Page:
Car Accident FAQ

   

Car Accident FAQ

Get Answers From Our Austin Car Accident Lawyers

Getting in a car crash is a potentially traumatizing experience. Even minor accidents can change the agenda for a whole day—severe accidents can change your life forever. In the midst of chaotic events, it is important to know what to do and who to speak to when it comes to auto accidents. Check out our FAQs to receive guidance on the most common questions people ask after a crash. If you need answers, you can always contact our Austin car accident attorneys for a free consultation.

Am I Required to Stop After a Car Accident?

Absolutely. You are required by law to stop at the scene of an accident you are involved in, even if no one was hurt and you are not at fault. Otherwise, you may be charged with hit-and-run. For accidents that involve injuries or extensive property damage, the police will need to be involved, and you will need to stay in order to provide facts and testimony for the police report.

After a Car Crash, Do I Speak to the Police?

Yes, cooperate with the police as they form their report! As with your insurance company, only report the facts. Objective, factual recreation of the events is what the police are looking for. This is not a time to shift blame, assert innocence, or admit fault. Anything that is included in the police report will be instrumental in a future claim, so choose your words honestly, but carefully.

Who Should I Call?

First, call 911. If anyone was hurt or requires emergency help, you’ll want to report injuries (including your own) as soon as possible. If you need, call your emergency contacts such as family members or employers. You will also need to report the accident to your own insurance company. After your medical and personal needs are handled, you’ll want to contact an Austin accident attorney as soon as possible to ensure you are protected during the subsequent process.

What If I Was at Fault for the Car Accident?

Even if you believe that, you cannot know for sure until all the facts have been gathered. While you may think you caused an accident, there may be factors involved that you are unaware of. In the meantime, it is important that you stick to the facts. Do not report your opinion or interpretation of events to the police—it may be used against you. As much as you might want to, do not apologize to the other driver. Your apology could be used as a legal admittance of guilt.

Remember that Texas is a modified contributory negligence state. That means even if you were partially at fault, you are entitled to compensation as long as you are less than 50% at fault.

Do I Need to Report a Car Accident?

Yes! Shortly after your accident, you will need to report it to your insurance company. Remember to stick to the facts—you only need to report exactly what happened. Reporting your interpretation or admitting wrongdoing (even by mistake) could end in costly consequences. Of course, be honest and cooperative, but tell the objective truth, not your thoughts. Report the events as they happened, no more, no less. In fact, what you report to your insurance company should be similar to what you report to the police.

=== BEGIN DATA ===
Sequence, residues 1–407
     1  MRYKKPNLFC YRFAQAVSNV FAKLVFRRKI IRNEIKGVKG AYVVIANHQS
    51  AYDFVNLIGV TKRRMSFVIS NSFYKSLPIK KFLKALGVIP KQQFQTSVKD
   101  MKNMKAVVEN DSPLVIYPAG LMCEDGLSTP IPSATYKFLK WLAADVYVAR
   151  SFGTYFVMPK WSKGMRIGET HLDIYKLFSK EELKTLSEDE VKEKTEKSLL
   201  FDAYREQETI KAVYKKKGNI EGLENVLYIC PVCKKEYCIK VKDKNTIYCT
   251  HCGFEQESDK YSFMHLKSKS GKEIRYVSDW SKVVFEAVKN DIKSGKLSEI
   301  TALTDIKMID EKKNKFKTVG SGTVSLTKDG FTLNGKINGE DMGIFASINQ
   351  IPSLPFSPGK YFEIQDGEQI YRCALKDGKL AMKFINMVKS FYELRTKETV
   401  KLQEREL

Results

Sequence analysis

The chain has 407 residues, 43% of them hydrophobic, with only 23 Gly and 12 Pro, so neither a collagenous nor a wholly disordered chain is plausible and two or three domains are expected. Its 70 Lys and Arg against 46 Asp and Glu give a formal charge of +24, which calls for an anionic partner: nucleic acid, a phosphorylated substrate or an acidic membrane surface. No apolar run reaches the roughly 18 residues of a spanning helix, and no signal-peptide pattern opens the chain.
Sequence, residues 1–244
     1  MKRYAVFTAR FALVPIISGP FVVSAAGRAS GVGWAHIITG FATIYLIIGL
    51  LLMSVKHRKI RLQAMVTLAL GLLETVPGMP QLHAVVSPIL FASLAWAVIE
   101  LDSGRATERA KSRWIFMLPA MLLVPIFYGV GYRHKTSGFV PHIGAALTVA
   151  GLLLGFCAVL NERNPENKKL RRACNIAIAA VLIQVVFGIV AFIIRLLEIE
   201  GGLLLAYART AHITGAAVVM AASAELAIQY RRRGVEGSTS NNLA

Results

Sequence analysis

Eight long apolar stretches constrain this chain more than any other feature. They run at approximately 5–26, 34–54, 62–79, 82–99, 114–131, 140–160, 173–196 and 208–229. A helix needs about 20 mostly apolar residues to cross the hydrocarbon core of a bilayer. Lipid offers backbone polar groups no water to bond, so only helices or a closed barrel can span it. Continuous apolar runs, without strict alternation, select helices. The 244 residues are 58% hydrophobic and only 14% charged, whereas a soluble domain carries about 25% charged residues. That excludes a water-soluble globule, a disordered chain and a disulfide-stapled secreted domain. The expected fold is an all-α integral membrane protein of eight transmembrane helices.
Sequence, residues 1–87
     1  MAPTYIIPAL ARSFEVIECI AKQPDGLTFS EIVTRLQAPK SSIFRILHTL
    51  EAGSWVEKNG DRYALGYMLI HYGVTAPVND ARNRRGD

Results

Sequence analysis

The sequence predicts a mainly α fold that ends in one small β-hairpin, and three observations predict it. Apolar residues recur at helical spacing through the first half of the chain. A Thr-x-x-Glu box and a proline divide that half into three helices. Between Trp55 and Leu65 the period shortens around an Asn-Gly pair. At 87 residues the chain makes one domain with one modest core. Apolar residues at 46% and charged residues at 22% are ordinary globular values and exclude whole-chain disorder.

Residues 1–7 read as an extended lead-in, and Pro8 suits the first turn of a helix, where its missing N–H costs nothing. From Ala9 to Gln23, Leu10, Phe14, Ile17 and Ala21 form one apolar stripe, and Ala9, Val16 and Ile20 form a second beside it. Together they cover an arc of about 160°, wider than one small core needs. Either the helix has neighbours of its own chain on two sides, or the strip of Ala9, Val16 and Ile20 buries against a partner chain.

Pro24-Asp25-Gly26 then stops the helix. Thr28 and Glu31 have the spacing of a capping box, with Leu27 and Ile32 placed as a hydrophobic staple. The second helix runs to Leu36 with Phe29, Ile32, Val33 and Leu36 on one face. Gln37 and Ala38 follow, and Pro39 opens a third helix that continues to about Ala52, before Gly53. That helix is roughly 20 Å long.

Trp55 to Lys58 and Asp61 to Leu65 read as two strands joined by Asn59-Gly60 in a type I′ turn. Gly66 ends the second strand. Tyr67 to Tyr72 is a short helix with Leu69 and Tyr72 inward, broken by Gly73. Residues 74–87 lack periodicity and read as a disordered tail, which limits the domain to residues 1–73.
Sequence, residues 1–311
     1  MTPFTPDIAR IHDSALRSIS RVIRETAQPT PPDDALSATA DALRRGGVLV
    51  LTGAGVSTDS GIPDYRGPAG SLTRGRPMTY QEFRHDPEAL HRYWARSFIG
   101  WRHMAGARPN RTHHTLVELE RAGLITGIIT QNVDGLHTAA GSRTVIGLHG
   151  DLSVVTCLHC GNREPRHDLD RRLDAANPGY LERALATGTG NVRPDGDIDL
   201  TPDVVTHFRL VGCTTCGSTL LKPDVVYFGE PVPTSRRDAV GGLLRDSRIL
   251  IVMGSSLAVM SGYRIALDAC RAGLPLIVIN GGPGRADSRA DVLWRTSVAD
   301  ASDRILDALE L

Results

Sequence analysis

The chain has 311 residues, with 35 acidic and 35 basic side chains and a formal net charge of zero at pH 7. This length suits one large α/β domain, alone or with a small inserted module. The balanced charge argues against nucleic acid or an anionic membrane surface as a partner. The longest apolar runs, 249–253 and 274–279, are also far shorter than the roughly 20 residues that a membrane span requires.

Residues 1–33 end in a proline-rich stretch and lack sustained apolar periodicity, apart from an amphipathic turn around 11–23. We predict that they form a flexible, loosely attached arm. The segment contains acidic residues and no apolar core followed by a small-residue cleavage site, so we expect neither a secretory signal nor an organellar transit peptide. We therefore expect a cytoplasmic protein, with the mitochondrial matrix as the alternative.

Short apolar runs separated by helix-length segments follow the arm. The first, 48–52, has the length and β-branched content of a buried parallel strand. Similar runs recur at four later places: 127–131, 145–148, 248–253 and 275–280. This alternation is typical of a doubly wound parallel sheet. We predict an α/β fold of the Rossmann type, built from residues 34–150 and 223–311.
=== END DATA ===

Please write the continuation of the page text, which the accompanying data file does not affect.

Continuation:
What Information Should I Ask For?

For the other driver (and any passengers), you should retrieve:

  • Name
  • Address
  • Birth date
  • Phone number
  • License number / expiration date
  • Their insurance company

For their car, make sure you get:

  • Year
  • Make / Model
  • License plate number
  • Vehicle Identification Number (VIN)

For any witnesses, get as much of the following as you can:

  • Name
  • Address
  • Phone number
  • What they saw happen

If someone refuses to give you their information, take down their license plate and the police will be able to retrieve it themselves.

What Do I Do at the Scene of a Crash?

After any medical needs are taken care of, take as many pictures as possible of your car, the other car(s), the road, any injuries or bruises, and any property damage. Draw a diagram of the accident, including pertinent details about the road. Any details you can recall, record them. If you have a way to take notes, either by hand or on your phone, then record the following information as precisely as possible:

  • Time
  • Date
  • Location
  • Weather conditions
  • Speed of your car
  • Speed of the other car
  • Road conditions / design
  • Visibility

All of this information will be vitally important in subsequent insurance investigations, questioning, and personal injury claims.

Should I Talk to the Other Driver’s Insurance?

You are not required to provide any information about yourself to the other driver’s insurance adjuster. In fact, it is vitally important that you speak to an attorney prior to their call. When they learn that you have an attorney, they are required to contact us rather than you. Be civil but firm—you should not speak to them without legal guidance.

Should I Release My Medical Records to the Other Insurance Company?

Absolutely not. Do not speak to them without careful legal guidance from a car accident attorney. If they ask for your medical records, they will initially ask for your complete history. If you sign this over, they may be able to reduce the compensation you would be entitled to by citing irrelevant conditions in your medical history. An Austin car accident attorney would be able to ensure that they only have access to the records pertinent to the crash, protecting your testimony and your claim.

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